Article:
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Food Inflation Soars By 61% In One Year- NBS Report

Nigerians are finding it more difficult to feed themselves, as food inflation rose to 40.66 per cent in May, The PUNCH reports.

This was as the cost of food rose by 61 per cent from 25.25 per cent in June 2023 to 40.66 per cent in May 2024, highlighting a steady rise in the cost of living.

This is according to an analysis of the latest Consumer Price Index and Inflation report released by the National Bureau of Statistics.

The CPI measures the average change over time in the prices of goods and services consumed by people for day-to-day living.

On Saturday, the NBS disclosed that headline inflation moved by 0.26 per cent to 33.95 per cent from 33.69 per cent recorded in April.

The report noted that the inflation rate climbed to a 28-year high since March 1996 on higher food and transport prices.

It said, “In May 2024, the headline inflation rate increased to 33.95 per cent relative to the April 2024 headline inflation rate which was 33.69 per cent.”

The statistics agency also reported major contributing items to headline inflation in May 2024 including food & non-alcoholic beverages (contributing 17.59 per cent), housing, water, and electricity, gas & other fuel (contributing 5.68 per cent), and clothing & footwear (contributing 2.60 per cent).

A breakdown of the data showed that the price of food commodities increased steadily from 25.25 per cent in June, to 26.98 per cent in July, 29.34 per cent, 30.64 per cent in August, 31.52 per cent in September, 31.52 per cent October, 32.84 per cent in November and 33.93 per cent as the end of December 2023.

The rate further increased to 35.41 per cent in January, 37.92 per cent in February, crossed the 40 per cent mark in March, 40.53 per cent in April and 40.66 per cent in May.

NBS said the rate rose to 40.66 per cent in May, compared to the 24.82 per cent reported in the same month last year — indicating an increase of 15.84 per cent points.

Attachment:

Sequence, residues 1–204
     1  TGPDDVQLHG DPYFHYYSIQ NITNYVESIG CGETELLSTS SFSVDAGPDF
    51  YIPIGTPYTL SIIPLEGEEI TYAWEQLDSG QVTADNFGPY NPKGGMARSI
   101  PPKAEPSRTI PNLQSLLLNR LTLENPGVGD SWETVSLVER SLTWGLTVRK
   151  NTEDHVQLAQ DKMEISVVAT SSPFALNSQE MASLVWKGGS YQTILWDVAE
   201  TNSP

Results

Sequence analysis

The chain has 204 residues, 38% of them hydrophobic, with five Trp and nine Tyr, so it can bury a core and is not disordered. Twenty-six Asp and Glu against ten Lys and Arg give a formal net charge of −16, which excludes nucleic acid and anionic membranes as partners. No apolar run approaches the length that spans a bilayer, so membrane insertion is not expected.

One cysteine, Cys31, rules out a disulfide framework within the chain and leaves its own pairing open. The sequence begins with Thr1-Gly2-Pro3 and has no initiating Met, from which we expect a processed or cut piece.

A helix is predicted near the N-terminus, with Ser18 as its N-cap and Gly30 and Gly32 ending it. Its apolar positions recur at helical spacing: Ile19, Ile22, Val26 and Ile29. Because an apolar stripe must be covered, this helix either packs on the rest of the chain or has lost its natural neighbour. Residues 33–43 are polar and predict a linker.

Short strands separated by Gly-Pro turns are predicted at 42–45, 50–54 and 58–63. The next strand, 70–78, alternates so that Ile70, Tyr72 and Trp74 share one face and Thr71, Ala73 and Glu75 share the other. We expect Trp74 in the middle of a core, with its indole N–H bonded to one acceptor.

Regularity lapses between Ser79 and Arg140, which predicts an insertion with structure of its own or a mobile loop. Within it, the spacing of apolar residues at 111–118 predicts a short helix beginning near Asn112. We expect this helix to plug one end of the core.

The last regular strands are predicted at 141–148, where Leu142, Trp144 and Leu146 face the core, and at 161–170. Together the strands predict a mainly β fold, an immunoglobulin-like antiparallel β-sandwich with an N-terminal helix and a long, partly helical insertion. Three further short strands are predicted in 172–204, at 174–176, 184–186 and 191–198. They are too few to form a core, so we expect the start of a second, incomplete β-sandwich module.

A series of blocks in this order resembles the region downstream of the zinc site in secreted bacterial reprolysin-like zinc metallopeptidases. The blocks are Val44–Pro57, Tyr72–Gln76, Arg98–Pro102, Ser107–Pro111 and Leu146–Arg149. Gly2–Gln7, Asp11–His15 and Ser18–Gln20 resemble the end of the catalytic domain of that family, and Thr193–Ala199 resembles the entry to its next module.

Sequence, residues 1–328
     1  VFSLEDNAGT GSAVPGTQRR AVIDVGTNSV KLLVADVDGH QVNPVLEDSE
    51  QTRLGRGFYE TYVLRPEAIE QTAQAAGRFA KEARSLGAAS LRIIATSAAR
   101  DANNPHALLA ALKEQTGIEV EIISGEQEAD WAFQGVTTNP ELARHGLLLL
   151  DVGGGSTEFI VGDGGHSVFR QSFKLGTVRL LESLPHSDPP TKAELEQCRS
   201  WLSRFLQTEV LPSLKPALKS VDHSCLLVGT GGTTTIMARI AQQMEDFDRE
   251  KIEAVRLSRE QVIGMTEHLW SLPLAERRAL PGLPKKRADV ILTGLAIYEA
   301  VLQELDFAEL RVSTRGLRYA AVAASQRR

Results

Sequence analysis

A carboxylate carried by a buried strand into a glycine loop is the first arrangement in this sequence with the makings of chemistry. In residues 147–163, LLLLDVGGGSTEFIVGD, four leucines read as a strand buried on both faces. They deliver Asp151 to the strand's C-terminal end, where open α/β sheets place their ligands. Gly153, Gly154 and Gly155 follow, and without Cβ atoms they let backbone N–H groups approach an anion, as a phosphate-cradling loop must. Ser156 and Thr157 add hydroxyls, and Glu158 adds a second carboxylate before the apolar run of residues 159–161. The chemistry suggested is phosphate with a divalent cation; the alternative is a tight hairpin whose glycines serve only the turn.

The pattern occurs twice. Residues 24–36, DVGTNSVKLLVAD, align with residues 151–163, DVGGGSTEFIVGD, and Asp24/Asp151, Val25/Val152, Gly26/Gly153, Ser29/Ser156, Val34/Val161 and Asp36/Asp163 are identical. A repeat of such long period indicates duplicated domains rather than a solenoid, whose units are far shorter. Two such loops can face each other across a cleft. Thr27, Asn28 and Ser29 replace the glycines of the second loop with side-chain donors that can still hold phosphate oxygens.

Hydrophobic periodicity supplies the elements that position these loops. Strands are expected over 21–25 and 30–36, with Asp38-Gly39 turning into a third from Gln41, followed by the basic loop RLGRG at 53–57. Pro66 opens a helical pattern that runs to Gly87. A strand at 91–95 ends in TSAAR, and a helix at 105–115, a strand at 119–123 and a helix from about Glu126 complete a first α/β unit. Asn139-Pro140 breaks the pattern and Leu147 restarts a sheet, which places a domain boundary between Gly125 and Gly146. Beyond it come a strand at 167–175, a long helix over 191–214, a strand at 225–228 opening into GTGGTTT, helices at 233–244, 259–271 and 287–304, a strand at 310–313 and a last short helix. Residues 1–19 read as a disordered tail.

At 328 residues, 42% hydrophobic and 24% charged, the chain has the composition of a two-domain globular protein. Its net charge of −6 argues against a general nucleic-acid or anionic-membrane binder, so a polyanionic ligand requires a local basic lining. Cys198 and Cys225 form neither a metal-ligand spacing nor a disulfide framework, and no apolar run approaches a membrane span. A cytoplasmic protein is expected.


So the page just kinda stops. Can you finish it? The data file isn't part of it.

The bureau said semovita, oatflake, yam flour prepackage, garri, bean, etc (which are under bread and cereals class), Irish potatoes, yam, water yam, etc (under potatoes, yam and other tubers class), contributed to the year-on-year increase in the food inflation rate.

Other contributors are palm oil, vegetable oil, etc (under oil and fat), stockfish, mudfish, crayfish, etc (under fish class), beef head, chicken-live, pork head, and bush meat (under meat class).

“The food inflation rate in May 2024 was 40.66 per cent on a year-on-year basis, which was 15.84 per cent points higher compared to the rate recorded in May 2023 (24.82 per cent).

“The average annual rate of Food inflation for the twelve months ending May 2024 over the previous twelve-month average was 34.06 per cent, which was 10.41 per cent points increase from the average annual rate of change recorded in May 2023 (23.65 per cent),” the report said.

Similarly, Bauchi, Kogi, and Oyo are Nigeria’s three most expensive states on a year-on-year basis after recording the highest All-Items Inflation in May 2024.

The report said in May 2024, the All-Items inflation rate on a Year-on-Year basis was highest in Bauchi 42.30 per cent, Kogi (39.38 per cent Oyo (37.73 per cent).

On the flip side, Borno (25.97 per cent), Benue (27.74 per cent) and Delta (28.67 per cent) recorded the slowest rise in Headline inflation on a Year-on-Year basis.